Pantomina is Spanish for pantomime, movements imitating the courtship movements of the rooster and the hen. Ang mga babaye
Kung mayo pa nin agom
Maugay nin aga maugay nin hapon
Alagad kung sinda igua na nin agom
Maugay Octobre, Disyembreng sunudon. Ica palan, Nenang ang pinagsasabi
Magayon na burac sa lugar na ini
Magayon ang tindog malinig ang pisngi
Arin pa daw ang puso ang dai mawili. Can ica sadit pa sadit pa man aco
Si satuyang cawat magkudot-kudotan
Kinudot mo aco kinudot ta ca man
Sabi mo sa saco luhayluhaya man. Ang mga lalake
Hudyan sisaboot
Ang pinagsasabing ngarang pagcamoot
Kundi ang babayeng iyo minahilod
Akong minahiling can mga pangguyod.

Philippine Mining Act of 1995

With the recent issue of magnetite ore mining overwhemingly opposed by residents in the town of Bagamanoc and recently moved the mining site off the coast of Panganiban (Payo), I am compelled to post this Mining Act to serve as reference. "Republic Act No. 7942 or the Philippine Mining Act of 1995 (“Act”) is the governing law that regulates mineral resources development in the country. One of the primary objectives of this act is to revitalize the ailing Philippine mining industry by providing fiscal reforms and incentives and maintaining a viable inventory of mineral reserves to sustain the industry through the infusion of fresh capital through direct investments to finance mineral exploration and/or development activities. The original implementing rules and regulations of the Act was prepared in 1995, and was revised in 1996 under DENR Administrative Order 96 – 40, the revised implementing rules and regulations (RIRR). Collectively, the Act and its RIRR take into considerat…

The Batalay Shrine

The site of the first cross in Catanduanes, believed to have been constructed over the grave of the shipwrecked Fr. Diego de Herrera of the Augustinian order in 1576, who died in the barangay of Batalay. A well believed to have water with healing powers can be found in this shrine. From the town proper of Bato, it would take only 15 minutes to reach this place. Reading the online historical accounts about the fate of Fray Diego de Herrera and Espiritu Santo crew, I found some interesting yet inconclusive accounts as to what really happened. "Located at the Southeastern coast of Catanduanes is a reef called Nagumbuaya Point which is linked by traditional with the place where a Galleon Espiritu Santo taken by Fray Diego de Herrera and nine other companies which embarked from Mexico suffered shipwreck on April 25, 1576 on their way to Cebu because of the negligence of the pilot of the ship and bad weather." - wikipedia In October last year, the Historical and Nautical Archa…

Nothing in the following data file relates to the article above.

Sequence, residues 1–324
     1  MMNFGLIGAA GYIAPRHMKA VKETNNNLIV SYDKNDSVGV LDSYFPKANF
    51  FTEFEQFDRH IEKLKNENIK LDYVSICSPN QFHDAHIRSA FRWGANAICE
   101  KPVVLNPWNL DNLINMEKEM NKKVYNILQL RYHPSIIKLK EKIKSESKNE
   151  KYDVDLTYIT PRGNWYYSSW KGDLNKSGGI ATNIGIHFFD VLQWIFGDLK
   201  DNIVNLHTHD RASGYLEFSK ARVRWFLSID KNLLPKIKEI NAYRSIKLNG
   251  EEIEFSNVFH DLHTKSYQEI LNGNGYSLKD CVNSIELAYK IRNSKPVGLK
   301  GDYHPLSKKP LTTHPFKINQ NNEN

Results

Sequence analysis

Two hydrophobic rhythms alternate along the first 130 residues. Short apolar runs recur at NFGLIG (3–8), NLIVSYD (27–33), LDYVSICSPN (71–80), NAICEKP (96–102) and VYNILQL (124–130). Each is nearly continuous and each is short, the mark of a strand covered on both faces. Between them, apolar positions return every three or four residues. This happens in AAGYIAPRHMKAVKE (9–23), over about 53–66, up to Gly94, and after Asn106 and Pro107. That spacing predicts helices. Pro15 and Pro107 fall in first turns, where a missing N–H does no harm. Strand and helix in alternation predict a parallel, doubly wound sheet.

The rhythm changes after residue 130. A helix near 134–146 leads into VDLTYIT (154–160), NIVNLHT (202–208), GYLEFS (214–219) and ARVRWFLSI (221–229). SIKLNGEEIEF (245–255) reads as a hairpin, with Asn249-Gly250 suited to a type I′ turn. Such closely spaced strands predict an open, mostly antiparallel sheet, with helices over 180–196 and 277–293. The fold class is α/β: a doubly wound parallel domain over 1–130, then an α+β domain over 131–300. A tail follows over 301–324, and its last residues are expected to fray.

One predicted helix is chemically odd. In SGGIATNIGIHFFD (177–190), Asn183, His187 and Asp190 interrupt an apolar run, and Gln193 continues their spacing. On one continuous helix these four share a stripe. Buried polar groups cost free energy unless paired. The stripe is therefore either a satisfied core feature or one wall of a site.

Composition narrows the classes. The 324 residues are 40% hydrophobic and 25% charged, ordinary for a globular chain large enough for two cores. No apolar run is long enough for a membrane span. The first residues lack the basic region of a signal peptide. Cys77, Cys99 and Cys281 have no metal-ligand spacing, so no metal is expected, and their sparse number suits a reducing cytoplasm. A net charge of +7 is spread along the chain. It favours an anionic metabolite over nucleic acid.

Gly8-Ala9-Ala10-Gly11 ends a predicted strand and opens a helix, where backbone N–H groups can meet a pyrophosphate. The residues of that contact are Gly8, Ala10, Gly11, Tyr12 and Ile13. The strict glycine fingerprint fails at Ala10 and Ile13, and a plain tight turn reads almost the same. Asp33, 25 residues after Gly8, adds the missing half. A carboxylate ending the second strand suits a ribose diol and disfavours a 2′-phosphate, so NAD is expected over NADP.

Catanduanes Remains Top Abaca-Producing Province - BM

Abaca-fiber production in the country’s top abaca-producing province from January to May 2009 went up by 22 percent to 8,646.32 metric tons (MT), said the Fiber Industry Development Authority (FIDA). FIDA noted that in January to May 2008, abaca farmers in Catanduanes produced 7,084.23 MT. The attached agency of the Department of Agriculture said a total of 16,231 farmers were involved in abaca production in the province in 2008. FIDA said the island province of Catanduanes is renowned as the “abaca capital of the Philippines.” The province is now the top producer of abaca fiber, has the largest area planted to abaca and has the biggest number of abaca farmer-producers in the Philippines. Joining Catanduanes as the country’s top 10 abaca-producing provinces are Southern Leyte, Leyte, Davao Oriental, Northern Samar, Davao del Sur, Surigao del Sur, Samar, Sulu and Sorsogon. FIDA said the province also adjusted its production for the year due to the projected slowdown in demand for…

Lorong Point Lighthouse on Panay Island

Constructed in 1997 and finished in October 1998, the Lorong Point lighthouse was one of the many Philippine lighthouses constructed or rehabilitated under the Maritime Safety Improvement Project, Phase B, funded by a P3-billion loan from the Overseas Economic Cooperation Fund (OECF) of the Japanese government. Located in Panay, a small island northeast of Catanduanes. It is often confused with the much larger Panay Island in Western Visayas. The island is politically under the province of Catanduanes and subdivided between the municipalities of Bagamanoc and Panganiban.